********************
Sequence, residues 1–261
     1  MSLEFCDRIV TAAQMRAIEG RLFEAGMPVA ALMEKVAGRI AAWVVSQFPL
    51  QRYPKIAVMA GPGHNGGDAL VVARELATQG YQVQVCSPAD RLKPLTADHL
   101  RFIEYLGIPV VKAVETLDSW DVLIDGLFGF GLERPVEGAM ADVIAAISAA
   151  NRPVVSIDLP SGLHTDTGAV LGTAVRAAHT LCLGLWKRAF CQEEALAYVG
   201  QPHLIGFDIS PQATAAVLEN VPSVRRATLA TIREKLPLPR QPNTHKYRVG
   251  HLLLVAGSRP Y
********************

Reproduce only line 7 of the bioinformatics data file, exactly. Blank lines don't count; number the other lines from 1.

   251  HLLLVAGSRP Y